Fast, friendly, freedom on water

River jet boating is an exhilarating way to spend quality time with family and friends

by Sharlyn Carter |

Two men are jet boating on the Hay River.

Pictured here is the author's family, jet boating on the Hay River in the Northwest Territories. — Photo courtesy Sharlyn Carter

Just beyond the glitz of fibreglass lake boats is the community of river jet boating. It is a community with other nature-loving, adrenalin-seeking boaters taking on the unknown in each twist and turn of the river. The combination of shutting off your cellphone, feeling the power of a muffled block engine and taking in the spectacular natural views are just part of what is at the essence of being a river boat enthusiast. 

If you are daring enough to want to explore a river and share it with family or friends, you have found your place with other river jet boaters. The respect is there. Once you’ve seen friends laughing when stuck on a gravel bar in the middle of a river or dodging a rock that is barely visible, your river boating addiction has just begun and so has theirs. It is fast, friendly and freedom on water.

I grew up in the Northwest Territories where river jet boating is as natural as fishing—almost everyone does it. The block engines and aluminum hull will allow you to go where outboards cannot, and that type of freedom is alluring.

After growing up in the Northwest Territories where rivers are long and lakes formidable, river jet boating is just part of life in the summer. Actually, it's one of the best parts of summer—it means full-on adventure.

Originally, my parents bought their first river jet boat in the late ’70s, and it matched the YMCA music with the metallic speckled blue paint and peacock blue leather interior. Now as adults, my two brothers and I are avid river boaters because of the adventures that former boat brought us.

Top river jet boating spots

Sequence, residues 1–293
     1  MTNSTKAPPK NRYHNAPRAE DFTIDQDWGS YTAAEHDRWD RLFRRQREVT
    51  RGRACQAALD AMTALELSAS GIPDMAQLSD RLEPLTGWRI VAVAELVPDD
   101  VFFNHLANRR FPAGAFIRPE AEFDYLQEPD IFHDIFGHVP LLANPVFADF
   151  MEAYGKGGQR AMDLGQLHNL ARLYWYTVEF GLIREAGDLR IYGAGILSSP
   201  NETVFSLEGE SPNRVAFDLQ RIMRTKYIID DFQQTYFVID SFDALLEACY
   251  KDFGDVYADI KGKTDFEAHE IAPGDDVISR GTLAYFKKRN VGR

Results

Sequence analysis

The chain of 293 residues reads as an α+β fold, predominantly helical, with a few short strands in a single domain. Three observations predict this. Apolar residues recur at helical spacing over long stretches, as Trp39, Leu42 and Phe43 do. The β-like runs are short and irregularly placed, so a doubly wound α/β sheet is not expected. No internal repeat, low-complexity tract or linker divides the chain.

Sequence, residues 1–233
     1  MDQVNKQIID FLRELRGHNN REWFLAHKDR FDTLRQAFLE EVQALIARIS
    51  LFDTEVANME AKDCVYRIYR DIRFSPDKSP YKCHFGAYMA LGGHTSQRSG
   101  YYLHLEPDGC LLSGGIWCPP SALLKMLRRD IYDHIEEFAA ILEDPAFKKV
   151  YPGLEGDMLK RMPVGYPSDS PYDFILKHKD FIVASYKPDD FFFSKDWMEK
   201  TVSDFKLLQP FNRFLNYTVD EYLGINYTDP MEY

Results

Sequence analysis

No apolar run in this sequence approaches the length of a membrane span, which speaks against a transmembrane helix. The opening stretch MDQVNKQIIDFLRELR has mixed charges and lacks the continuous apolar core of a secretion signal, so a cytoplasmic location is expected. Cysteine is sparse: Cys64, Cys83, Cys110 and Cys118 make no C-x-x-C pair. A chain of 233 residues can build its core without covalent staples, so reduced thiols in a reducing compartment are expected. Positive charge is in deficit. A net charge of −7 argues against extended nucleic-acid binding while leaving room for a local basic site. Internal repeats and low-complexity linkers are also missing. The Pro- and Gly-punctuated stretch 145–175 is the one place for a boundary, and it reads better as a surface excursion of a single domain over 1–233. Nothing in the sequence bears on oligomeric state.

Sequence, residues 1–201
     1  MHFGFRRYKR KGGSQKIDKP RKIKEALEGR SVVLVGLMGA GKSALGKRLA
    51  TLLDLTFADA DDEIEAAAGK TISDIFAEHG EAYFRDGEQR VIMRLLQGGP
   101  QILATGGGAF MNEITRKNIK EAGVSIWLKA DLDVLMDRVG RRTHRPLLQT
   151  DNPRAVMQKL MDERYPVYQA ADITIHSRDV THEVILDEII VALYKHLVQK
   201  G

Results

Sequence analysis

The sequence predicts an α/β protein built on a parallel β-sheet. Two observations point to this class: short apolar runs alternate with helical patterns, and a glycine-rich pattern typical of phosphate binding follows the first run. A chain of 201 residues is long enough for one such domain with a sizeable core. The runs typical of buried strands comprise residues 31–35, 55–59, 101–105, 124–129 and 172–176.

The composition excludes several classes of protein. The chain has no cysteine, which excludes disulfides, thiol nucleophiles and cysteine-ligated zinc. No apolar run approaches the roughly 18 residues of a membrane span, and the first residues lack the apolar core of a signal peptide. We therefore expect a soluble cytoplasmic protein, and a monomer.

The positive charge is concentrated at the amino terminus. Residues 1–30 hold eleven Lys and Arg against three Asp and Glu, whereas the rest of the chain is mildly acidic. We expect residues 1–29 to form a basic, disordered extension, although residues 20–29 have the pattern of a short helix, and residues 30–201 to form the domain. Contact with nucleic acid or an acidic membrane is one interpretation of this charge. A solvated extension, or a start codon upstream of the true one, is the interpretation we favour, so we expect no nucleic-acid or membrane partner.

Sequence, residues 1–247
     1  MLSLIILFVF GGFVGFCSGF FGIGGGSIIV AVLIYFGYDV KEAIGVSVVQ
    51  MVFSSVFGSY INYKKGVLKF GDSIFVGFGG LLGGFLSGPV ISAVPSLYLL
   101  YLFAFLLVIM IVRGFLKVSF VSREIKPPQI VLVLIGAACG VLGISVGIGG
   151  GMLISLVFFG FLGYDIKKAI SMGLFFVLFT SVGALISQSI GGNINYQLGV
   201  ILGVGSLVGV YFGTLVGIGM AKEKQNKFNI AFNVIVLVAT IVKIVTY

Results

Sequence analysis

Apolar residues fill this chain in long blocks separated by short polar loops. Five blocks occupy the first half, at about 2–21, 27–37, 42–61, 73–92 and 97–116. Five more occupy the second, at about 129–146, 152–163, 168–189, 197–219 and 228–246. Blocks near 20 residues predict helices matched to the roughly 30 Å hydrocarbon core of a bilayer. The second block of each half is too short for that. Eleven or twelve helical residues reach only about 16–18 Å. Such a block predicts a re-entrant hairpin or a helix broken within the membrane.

“North of 60” river jet boating begins in Hay River, Northwest Territories. One of the most desired day trips is to the three-tiered Louise Falls. The launch area can be at the mouth of the Great Slave Lake, Mile 5 out of town, or at Paradise Gardens. The Hay River is wide and fairly easy until you enter what locals call "The Escalators." In this area there are levels of rocks and sharp limestone chunks so it's best to go up in spring when water levels are high. Once through The Escalators, you will arrive at the falls and will certainly want a camera ready; it is spectacular. 

The Louise Falls is a three-tiered waterfall.

One of the most desired day trips is to the three-tiered Louise Falls. — Photo courtesy Sharlyn Carter

There are other springtime destinations as well, such as Little Doctor Lake where you will launch on the vast Mackenzie River and continue on the winding and scenic North Nahanni River, a trip of a lifetime.

Not quite ready for the Nahanni? Kinuseo Falls near Tumbler Ridge, British Columbia, is your destination. It is a full day on the water, so don’t be shy to ask one of Grande Prairie’s River Rat jet boat members where to launch and what to watch for as the river has a few tricky spots. But the views are spectacular and the sight of the massive horseshoe-shaped waterfall is worth it.

With its running list of superlatives, river jet boating is an adrenalin rush on water, from shallow flowing rivers with gnarly rocks to the big wide rivers. What is ultimately quintessential about river jet boating is that the experience is best when shared, but then I might be a wee bit biased. 

A jet boat is going down the river with evergreens on the banks.

River jet boating is a great way to spend the day. — Photo courtesy Sharlyn Carter


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